Kristi has been a competitive gymnastics coach for 25+ years and has coached levels 3-10 to state, regional, western and national titles.
©copyright ALL RIGHTS RESERVED 2014
Could My Daughter be an Olympian?
After coaching gymnastics from levels 4-10 for nearly 25 years and meeting with hundreds of parents who asked me this very question, I determined that honesty is always the best policy. That said, I have comprised a list of what I believe will help you determine whether or not competitive gymnastics will be a good fit for your child. If you go through the list and still have questions, feel free to ask. I'm happy to answer.
Keep in mind that in this hub I am discussing competitive gymnastics, not recreational. It is my opinion that recreational gymnastics will benefit all children in some way because it is an "all body" sport which develops fine motor skills, gross motor skills, kinesthetic awareness, depth perception and 26 multiple intelligences all at one time.
Now that your daughter has been in a recreational gymnastics program and has been asked to move into a competitive program you're worried that the commitment will be too much, the training will be too difficult and how do you know if she will make it? The truth is, you don't know. There is not one factor that coaches see in athletes which determines a "sure thing". This hub should help you determine if competitive gymnastics is for your daughter, your family and for you.
Competitive Gymnastics Prerequisites
- First and foremost athletes have to love gymnastics. If your daughter is doing cartwheels in the living room, flipping on your furniture and making her own gym out of every surface in your house, down the isles of the supermarket and out in the yard, that's indicative of a child who has some innate gymnastics ability. They are self teaching by mirroring what they have seen somewhere else and their desire to flip or be upside down is natural. Some kiddos cannot tolerate being upside down but some prefer to constantly be cartwheeling, we call them gymnasts.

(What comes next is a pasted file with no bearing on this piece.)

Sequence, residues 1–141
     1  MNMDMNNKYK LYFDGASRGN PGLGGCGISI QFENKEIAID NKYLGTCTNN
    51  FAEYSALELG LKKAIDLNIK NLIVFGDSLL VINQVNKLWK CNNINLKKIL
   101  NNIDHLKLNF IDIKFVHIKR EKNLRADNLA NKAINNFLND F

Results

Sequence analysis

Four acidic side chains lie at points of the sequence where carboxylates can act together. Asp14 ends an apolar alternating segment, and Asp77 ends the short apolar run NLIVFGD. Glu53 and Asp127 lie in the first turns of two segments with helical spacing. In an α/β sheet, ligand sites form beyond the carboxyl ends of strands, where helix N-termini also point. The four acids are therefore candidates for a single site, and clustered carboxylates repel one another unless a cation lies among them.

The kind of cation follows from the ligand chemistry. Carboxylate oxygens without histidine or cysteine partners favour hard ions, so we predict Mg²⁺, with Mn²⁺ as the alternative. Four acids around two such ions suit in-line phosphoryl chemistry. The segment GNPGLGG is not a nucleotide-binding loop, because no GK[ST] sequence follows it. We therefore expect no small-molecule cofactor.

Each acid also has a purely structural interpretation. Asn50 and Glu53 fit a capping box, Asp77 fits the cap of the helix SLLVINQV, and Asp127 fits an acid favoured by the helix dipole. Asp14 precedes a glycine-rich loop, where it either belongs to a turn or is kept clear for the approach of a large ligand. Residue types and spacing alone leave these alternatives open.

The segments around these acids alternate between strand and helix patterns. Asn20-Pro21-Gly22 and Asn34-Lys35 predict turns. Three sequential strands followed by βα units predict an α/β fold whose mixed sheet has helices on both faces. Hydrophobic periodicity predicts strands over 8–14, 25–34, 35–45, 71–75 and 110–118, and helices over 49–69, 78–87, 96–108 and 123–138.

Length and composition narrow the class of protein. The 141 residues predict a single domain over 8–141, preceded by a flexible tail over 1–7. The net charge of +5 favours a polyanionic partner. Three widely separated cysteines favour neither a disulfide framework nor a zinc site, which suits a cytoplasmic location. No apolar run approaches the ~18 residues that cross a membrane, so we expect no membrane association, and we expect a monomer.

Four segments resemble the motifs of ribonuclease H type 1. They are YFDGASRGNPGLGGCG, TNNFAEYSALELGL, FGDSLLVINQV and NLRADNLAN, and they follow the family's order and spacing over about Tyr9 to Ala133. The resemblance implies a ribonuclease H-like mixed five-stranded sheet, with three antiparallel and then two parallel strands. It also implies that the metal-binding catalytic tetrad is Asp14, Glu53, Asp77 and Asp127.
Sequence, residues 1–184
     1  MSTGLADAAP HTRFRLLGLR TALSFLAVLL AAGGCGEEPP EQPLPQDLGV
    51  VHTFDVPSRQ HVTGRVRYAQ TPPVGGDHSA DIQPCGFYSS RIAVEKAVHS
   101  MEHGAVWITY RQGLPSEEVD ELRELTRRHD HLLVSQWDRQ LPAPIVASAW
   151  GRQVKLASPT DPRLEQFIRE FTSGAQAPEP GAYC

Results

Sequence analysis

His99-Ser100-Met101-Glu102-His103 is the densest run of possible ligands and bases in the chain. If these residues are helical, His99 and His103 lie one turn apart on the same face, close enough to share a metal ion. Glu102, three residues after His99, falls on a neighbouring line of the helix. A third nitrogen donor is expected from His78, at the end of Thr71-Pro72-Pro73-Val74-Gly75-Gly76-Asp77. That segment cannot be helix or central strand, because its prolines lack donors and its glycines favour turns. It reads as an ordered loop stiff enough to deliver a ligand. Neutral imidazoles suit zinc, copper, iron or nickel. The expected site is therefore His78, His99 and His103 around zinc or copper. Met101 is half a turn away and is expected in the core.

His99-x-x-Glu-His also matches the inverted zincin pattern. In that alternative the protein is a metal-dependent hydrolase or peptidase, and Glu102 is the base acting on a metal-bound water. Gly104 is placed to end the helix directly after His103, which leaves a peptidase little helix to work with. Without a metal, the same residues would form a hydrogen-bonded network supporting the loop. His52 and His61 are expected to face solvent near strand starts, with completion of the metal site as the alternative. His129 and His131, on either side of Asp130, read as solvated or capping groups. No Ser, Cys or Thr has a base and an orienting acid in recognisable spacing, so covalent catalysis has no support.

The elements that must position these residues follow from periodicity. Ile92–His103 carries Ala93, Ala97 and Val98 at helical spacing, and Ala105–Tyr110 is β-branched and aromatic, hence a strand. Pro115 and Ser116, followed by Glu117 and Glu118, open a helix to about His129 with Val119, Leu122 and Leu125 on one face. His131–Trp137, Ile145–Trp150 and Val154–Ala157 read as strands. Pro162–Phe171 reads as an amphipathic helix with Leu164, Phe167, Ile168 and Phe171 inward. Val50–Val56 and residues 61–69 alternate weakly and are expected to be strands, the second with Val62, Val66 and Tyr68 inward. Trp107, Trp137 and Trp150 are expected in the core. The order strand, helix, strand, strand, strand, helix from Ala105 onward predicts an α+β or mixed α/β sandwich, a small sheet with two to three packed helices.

- Competitive gymnasts require a "mental toughness" because gymnasts have to be able to take constructive criticism without taking it personally. The best thing a coach can do for an athlete is be honest. A great coach will be honest in a positive way but the truth is, there are coaches who are coarse in their delivery and short on patience - who also create Olympic athletes. If an athlete responds to corrections with tears and sadness or pouting as opposed to fixing the problem, it is highly likely that the gymnast will not advance but will feel ostracized and eventually quit. If you prefer that the coach tell your child she is doing everything perfectly all the time regardless of how she performs, competitive gymnastics is not for you. What will happen is that your daughter will attend a gymnastics meet, most likely score low because her skills are incorrect or sloppy, and will sit in the crowd watching others receive awards feeling awful. Winning is fun. Practice doesn't make perfect. Perfect practice makes perfect.
- In addition to being mentally strong, it's important for kids to be physically resilient. It's inevitable that kids will get hurt from time to time but in nearly all cases, it's not serious. Kiddos who are able to brush it off and keep working will be more successful in competitive gymnastics.
- Children who have good problem solving skills will do well in competitive gymnastics. When going through each routine and skill, if a child can recognize what she does well and where she is making mistakes, she will be able to fix those mistakes.
- Competitive gymnasts who cannot tolerate frustration may find that it is detrimental to their progress. They tend to turn the frustration inward and be very hard on themselves. I've always said that gymnastics is a "rise over time" sport and progress should be steady and strong. Children who cannot control their emotions when they don't do something well or perfectly will struggle.
- It's important for kids to be able to work as a team and independently. Since every child develops and learns at a different pace, athletes who are ahead or behind may have a different assignment which means that coaches cannot possible keep their eyes on every child at all times. The ability to stay focused while working independently is critical at times.